Behaviour Modification

Understanding and gaining control over your dog's behaviour.

The first thing to understand about "behaviour problems" is that they are rarely a problem for the dog. Chances are he truly enjoys digging up your garden, tipping over the trash, jumping on you, chasing the cat or unstuffing the couch!

Before you can make any changes to the dog's behaviour you must first ensure that you are not creating the problem. If the dog does not have what he needs eg: a proper diet, plenty of exercise and daily interaction or if he has too much of something eg: crating for long hours, constantly being excited or frightened, he will not be able to give you his best.

Situation #1

How often have you seen “Spot” walk by with something forbidden in his mouth? You scold him and tell him to drop it, he does and you continue to scold? Don’t pass up the opportunity to PRAISE. After all he did drop it and it's too late now to try to correct him having it in the first place. Try to maintain a safe environment for your puppy and focus on positive reinforcement instead of scolding or punishment.

Situation #2

How often have you struggled through the door with “Spot” jumping up at you, you hip check, shove and yell at him? When he finally gets off of you, you think, “Phew, now I can get my coat off” and ignore him? Think about it, what just got him the most attention? Right, jumping up! What got him the least attention? If you guessed all four paws on the floor you’re right! Now what do you suppose he’ll do next time? JUMP EVEN MORE!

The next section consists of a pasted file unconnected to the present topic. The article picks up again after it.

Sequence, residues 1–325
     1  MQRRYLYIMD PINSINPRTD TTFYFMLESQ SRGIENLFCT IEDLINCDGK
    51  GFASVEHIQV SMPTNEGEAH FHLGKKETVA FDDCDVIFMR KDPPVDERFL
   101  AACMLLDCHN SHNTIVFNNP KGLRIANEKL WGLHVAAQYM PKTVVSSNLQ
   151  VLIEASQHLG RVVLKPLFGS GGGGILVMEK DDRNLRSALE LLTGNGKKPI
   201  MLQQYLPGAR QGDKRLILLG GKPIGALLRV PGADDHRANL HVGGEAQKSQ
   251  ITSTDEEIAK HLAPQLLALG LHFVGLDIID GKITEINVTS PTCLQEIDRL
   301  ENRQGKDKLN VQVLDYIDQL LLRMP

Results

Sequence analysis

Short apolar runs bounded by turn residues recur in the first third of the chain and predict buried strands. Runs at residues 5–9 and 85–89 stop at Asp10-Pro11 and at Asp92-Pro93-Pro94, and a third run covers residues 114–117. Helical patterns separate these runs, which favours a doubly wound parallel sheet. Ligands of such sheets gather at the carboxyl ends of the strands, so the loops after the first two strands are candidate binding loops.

Behaviours That Require Correcting & Helpful Hints


Dogs bark for many reasons. Knowing why “Spot” barks is essential to figuring out how to make him stop. Most dogs like to tell you when someone is approaching. This is an example of good barking. Always thank your dog for telling you someone was there, then use the word “Quiet” in a firm voice to let him know not to bark any longer than necessary. You may need to distract him with a treat at first to prove the need to bark is over. What would you do if he still didn’t stop? How about Boredom Barking? Barking when left alone, barking for attention, or even at the doorbell?


No matter how you approach it housebreaking is A LOT of work requiring A LOT of patience. Trying to rush your puppy or losing your patience will only increase the amount of time required to train. These simple steps should help. Having your puppy in a crate in between potty breaks will considerably cut down on accidents. As your puppy becomes more successful gradually increase his space in the house (a tiled room that can be sectioned off is great!) And allow him more time out of his crate.

STEP #1: Take your puppy outside on a leash first thing in the morning, and immediately after sleeping, playing or eating. Praise your puppy every single time he "goes"!

STEP #2: Only leave down food and water for 15-20 mins. This gives you control over when they eat or drink, therefore you should be able to estimate when they will need to eliminate. Don’t give food or water after 6:00pm. It is very difficult for puppies to regulate their bowels and bladders overnight.

STEP #3: When puppy is outside and begins to pee, try using a command such as “duties or potties” this will teach them to go on command in the future.

Remember it takes tons of PRAISE, PATIENCE AND TREATS to be successful!

Nipping & Mouthing